They don’t, as a rule, have a spare bolthole for “all their furniture” to wait around in. Hammond’s analogy accidentally revealed two things – he is rich, and he owns more than one home. (I say “revealed”. Obviously these are things you can find out by checking the register of members’ interests, but they are, at least, things that are not immediately obvious hearing Hammond speak.)

That spoke to one major and recurring Conservative weakness: that people see them as a party solely for the rich. Focus groups conducted by BritainThinks consistently showed that when people were asked which group of TV families might vote Conservative, the only one that people consistently picked were the “posh couple” from GoggleBox.

David Cameron’s great achievement as Conservative leader was in winning two elections – the first, in 2010, the most successful night for the Conservatives since 1931, with 97 gains overall, the second, their first parliamentary majority for 23 years – despite being a graduate of Eton and Oxford leading a party that most voters fear will only look out for the rich.

He did it by consistently speaking and acting as if he were significantly less well-to-do than he was. Even his supposed 2013 gaffe when asked what the price of bread was – when he revealed that he preferred to use a breadmaker – projected a more down-to-earth image than his background suggested His preferred breadmaker cost a hundred quid and could easily have been found in any upper-middle class home in any part of his country. One of Cameron’s great successes was in presenting himself as an affable upper-middle-class dad to the nation, when he was in fact, well-to-do enough to employ a literal breadmaker had he so chosen.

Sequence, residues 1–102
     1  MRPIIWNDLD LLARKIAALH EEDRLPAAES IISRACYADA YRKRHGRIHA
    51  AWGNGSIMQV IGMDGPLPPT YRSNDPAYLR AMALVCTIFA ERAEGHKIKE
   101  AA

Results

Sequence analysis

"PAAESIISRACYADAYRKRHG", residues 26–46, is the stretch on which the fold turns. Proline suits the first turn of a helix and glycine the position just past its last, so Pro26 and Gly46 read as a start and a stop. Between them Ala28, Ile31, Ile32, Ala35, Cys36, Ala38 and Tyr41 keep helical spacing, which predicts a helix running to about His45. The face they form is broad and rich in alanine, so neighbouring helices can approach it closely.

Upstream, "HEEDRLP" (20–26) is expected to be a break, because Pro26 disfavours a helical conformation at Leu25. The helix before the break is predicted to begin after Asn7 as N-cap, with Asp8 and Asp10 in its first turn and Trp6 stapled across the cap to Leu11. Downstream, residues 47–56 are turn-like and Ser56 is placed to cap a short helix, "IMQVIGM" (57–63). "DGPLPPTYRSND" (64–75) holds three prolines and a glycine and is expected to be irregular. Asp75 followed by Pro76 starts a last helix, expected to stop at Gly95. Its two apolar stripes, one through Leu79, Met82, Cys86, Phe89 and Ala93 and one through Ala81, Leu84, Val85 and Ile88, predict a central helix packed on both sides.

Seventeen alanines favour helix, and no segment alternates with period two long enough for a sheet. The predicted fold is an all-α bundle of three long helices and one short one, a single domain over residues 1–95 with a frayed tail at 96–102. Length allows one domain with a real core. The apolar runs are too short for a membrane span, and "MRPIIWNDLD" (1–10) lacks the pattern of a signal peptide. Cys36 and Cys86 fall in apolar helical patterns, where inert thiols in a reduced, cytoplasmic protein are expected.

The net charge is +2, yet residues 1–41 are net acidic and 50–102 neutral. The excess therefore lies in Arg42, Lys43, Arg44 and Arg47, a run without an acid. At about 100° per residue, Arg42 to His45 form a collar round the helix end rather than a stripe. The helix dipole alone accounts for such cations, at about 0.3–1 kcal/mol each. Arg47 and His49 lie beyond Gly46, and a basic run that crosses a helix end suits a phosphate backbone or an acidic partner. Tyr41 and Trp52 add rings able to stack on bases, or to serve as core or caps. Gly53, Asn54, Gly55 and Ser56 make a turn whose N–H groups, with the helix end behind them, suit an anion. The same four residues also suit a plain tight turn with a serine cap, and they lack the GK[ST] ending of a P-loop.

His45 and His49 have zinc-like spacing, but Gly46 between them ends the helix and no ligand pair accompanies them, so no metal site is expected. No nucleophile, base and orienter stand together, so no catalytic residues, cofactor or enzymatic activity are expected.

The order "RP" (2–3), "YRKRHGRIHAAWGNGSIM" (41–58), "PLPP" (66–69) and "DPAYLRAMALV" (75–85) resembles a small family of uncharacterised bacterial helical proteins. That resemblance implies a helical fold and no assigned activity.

This is slightly unfair on Philip Hammond who went to a state school in Essex and is by any measure less posh than Cameron. But his gaffe speaks to their big post Cameron problem (and indeed their big pre-Cameron problem) which is that while many conservative ideas are popular, the Conservative Party isn’t. Most of their big politicians are a turn-off, not a turn-on.

And until they can find a genuine replacement for David Cameron, miserable results like 2017 may become the norm, rather than the exception. 

Stephen Bush is special correspondent at the New Statesman. His daily briefing, Morning Call, provides a quick and essential guide to domestic and global politics.